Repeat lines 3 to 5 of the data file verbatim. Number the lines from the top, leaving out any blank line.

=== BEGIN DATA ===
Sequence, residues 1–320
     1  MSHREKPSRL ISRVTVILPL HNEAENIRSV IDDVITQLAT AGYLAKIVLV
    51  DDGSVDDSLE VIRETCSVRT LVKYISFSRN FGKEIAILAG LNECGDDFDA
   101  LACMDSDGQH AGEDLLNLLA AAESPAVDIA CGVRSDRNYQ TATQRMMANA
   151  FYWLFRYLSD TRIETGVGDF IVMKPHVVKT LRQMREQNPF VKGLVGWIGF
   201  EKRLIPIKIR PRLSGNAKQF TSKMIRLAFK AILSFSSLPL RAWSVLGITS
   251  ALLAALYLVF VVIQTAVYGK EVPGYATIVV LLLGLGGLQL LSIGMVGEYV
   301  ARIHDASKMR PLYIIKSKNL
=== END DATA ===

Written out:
    51  DDGSVDDSLE VIRETCSVRT LVKYISFSRN FGKEIAILAG LNECGDDFDA
   101  LACMDSDGQH AGEDLLNLLA AAESPAVDIA CGVRSDRNYQ TATQRMMANA
   151  FYWLFRYLSD TRIETGVGDF IVMKPHVVKT LRQMREQNPF VKGLVGWIGF